In conjunction with Indie BRAG
To be a little different from the usual 'meet the author'
let's meet a character...
a little boy: Billy
a little boy: Billy
Q: Hello, I’m Helen the host of Novel Conversations, please do make yourself comfortable. Would you like a drink? Tea, orange squash? You’ll find apacket of chocolate biscuits on the table, please do help yourself - go on take two. I believe you are a character in Rosalind Minett's novels, Intrusion, Infiltration and Impact. Would you like to introduce yourself? Are you a lead character or a supporting role?
A: I'm Billy. I didn’t intend to be a lead character but the whole story is told through my perspective.
Q: What genre is the novel and what is it about?
A: The story is set in the period 1937 to 1951. It takes three books to tell.
Q: No spoilers, but are you a ‘goody’ or a ‘baddie’? (Or maybe you are both!)
A: I try hard to please, but by the second half of the third book I am reflecting on what I had earlier thought was true.
Q: Tell me about another character in the novel – maybe your best friend, lover or partner … or maybe your arch enemy!
A: It’s Kenneth, my cousin. The three books revolve around our relationship, our rivalry I suppose. Kenneth is older than me, but smaller. He’s frail and so talented… but devious. He bests me at every turn, whatever I do, however much he’s in the wrong. He turns things around so that he looks perfect, and because of his looks and polite way of talking, all the adults believe him. It’s still the same when we’re adults ourselves.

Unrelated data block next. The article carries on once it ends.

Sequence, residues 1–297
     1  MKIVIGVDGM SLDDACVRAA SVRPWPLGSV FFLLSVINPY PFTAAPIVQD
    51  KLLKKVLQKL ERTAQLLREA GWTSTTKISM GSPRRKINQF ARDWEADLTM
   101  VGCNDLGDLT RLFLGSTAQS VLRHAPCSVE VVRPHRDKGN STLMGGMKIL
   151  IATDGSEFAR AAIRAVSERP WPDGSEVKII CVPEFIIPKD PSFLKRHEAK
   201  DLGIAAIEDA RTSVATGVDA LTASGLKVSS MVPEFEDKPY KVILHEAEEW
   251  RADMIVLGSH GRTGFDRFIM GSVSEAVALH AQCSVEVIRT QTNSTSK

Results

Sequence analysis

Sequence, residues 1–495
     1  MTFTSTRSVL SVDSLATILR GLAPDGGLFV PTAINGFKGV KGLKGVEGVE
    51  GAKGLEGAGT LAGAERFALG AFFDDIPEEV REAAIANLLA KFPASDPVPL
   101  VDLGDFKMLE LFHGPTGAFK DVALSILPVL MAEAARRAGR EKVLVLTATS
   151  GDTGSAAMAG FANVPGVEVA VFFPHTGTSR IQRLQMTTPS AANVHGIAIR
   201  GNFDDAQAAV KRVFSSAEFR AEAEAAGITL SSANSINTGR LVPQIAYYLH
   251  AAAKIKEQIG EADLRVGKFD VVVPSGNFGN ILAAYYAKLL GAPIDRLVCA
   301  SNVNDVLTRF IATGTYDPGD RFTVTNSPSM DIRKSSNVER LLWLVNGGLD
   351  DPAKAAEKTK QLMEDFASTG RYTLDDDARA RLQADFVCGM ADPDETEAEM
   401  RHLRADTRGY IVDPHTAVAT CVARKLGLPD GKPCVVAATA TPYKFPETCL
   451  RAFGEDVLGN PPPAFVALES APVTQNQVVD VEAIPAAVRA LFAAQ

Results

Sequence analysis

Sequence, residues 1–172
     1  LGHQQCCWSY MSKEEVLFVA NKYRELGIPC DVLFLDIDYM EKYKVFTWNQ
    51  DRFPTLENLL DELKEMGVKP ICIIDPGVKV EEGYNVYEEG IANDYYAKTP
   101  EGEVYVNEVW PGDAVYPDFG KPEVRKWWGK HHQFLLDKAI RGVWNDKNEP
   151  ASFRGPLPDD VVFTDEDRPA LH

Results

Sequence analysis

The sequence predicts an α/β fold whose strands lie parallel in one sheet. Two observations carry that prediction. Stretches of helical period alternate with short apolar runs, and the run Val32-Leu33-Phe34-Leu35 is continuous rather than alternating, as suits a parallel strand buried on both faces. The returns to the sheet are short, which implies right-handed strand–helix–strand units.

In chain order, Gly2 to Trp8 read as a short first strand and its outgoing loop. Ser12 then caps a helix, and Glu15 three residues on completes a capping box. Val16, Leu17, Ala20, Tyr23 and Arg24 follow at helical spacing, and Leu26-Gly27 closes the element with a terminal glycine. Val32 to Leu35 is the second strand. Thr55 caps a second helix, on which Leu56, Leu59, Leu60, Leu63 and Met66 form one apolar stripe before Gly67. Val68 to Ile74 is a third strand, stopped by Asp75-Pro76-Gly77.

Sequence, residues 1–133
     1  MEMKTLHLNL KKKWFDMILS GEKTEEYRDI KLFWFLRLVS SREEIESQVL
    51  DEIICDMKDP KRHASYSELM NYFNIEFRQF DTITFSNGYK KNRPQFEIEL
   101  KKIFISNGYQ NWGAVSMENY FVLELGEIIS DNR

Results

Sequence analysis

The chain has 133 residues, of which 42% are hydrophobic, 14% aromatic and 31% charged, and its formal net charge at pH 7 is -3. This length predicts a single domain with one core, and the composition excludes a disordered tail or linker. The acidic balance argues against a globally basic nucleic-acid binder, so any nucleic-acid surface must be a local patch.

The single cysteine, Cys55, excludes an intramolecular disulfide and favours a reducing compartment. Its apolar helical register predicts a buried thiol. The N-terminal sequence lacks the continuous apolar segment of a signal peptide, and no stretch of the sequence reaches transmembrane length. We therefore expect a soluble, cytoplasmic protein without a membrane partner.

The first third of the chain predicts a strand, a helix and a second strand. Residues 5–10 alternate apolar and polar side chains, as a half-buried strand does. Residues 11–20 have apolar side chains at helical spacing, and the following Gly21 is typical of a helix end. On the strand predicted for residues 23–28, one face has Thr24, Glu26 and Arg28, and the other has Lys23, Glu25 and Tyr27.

Q: Is this the only novel you have appeared in, or are there others in a series?
A: I’m the protagonist in all the books of the series, except for the Prequel. That’s before I’m born.
Q: What is one of your least favourite scenes you appear in?
A: Do I have to talk about it? It’s so painful. It’s when the tension between myself and Kenneth reaches a climax. He just went too far. All my life he’s invaded everything. Whatever I had, he wanted (and often took). Whatever I liked, my friends, all of my secrets, he had to be there. Well, I can’t undo what happened. I’ll live with it forever. Kenneth has made sure of that.
Q: And your favourite scene?
A: It’s when I was given a bravery medal by the mayor in the village where I was evacuated. That happens in Book Two. At last I had something to feel proud about, and even Kenneth wanted to tell everyone that I was his cousin.
Q: Tell me a little about your author. Has she/he written any other books?
A: You know, I haven’t even thought about my author, my family has taken all my attention. But yes, come to think about it, she has written books that aren’t about me. I heard someone say she was stupid not to stick to the one genre - historical fiction - but she hasn’t. She has published some crime short stories, not suitable for me to read, and a collection of satirical short stories about women.; Me-Time Tales, tea breaks for mature women and curious men. I wouldn’t be interested in those, of course, and I don’t know what ‘satirical’ means. Kenneth will, and he’ll sneer at me because I don’t.
Q: Is your author working on anything else at the moment?
A: I just asked her. Another genre! What is wrong with her! She has two contemporary novels in process, and another collection of short stories, this time about Curious Men.